The Rise of Suburbia in America

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"The Rise of Suburbia in America"
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Suburbia provided a backing away from the hard choices between compressed urban and isolated country living. The American suburb is a happy medium, where the population density per square mile allows people to have their own little space on the planet, while not living on top of each other.

The interaction with nature is far greater than in the cities because of the lower building profiles, the large proportion of parks to housing, and the larger amount of personal yard space. But the burdens of  interacting with nature are far less than having acres of land in the country and the neighbors are closer, which is a combination that pleases social people.

Americans are perpetually on the hunt for housing that gives them more space, safety, quality, and ease of living for the price. Invariably this means moving away from the congestion of urban living and into the newest of housing developments. As the newest of housing developments age, they can deteriorate into unsafe and declining neighborhoods, or they can remain viable and desirable. In a different twist, older suburban neighborhoods that have gone through decline can be refurbished and repopulated by more prosperous people under a process called "gentrification". Thus, suburbs go through cycles of invention and of reinvention.Whenever a new housing development is being planned and zoned, the public becomes highly interested in the effect on the region, especially with respect to the increased contribution to and burden on services, schools, waste management, water and power use, crime, jobs, and transportation. As a result in the more advanced states of the union, there is much scrutiny over the planning, layout, and financing of the larger government, social and physical infrastructure that is required to support the development.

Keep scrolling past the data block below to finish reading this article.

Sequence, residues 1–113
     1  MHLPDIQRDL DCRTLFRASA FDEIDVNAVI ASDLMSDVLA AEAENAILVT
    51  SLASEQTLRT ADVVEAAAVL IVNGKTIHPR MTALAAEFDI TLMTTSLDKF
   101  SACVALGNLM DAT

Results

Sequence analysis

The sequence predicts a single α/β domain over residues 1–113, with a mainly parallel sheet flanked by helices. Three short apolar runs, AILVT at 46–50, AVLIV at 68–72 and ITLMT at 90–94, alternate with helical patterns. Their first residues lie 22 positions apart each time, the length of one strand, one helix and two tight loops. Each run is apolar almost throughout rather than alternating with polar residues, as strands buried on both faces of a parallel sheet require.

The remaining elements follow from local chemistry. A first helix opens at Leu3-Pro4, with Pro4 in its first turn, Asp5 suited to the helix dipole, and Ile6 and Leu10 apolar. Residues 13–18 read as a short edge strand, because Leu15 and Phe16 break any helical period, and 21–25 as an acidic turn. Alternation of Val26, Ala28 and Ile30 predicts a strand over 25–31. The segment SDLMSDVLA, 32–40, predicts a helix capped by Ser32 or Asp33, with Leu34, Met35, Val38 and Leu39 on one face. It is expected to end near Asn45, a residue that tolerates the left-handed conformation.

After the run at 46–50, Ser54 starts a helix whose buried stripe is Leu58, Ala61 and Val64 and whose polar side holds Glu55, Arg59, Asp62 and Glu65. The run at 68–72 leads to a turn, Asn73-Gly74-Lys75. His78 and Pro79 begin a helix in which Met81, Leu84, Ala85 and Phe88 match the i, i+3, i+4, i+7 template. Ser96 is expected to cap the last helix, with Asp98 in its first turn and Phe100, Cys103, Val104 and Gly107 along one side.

Thus, the suburbs rise, but each new or refurbished suburb features the newest of technology in its development. There are parks, protected areas that will never be developed, and landscaping that makes for incredible mixes of plants, structures and humans. The landscaping and open spaces serve as habitat for all forms of local species, even though such problems as raccoons, pumas, larger mammals and poisonous snakes may suffer from having their roaming grounds taken away or disrupted.

The rise and refurbishment of suburbs is enhanced with the housing being made safer and more improved during each cycle because of the extensive and constantly updated county and local building codes and planning and zoning processes. As more environmental studies are required and as lessons are learned, even the effects on habitat are considered.

In summary, today's American suburb is more likely to include protected open space, large habitats and micro habitats than ever before. As for human micro habitats, it only takes a look into the lives of teenagers, the backyard activities and what goes on at the community schools and centers of commerce to see that the American suburb offers so much that leaving them for anything but vacations or business in the urban centers is a rare necessity.

More about this author: Elizabeth M Young

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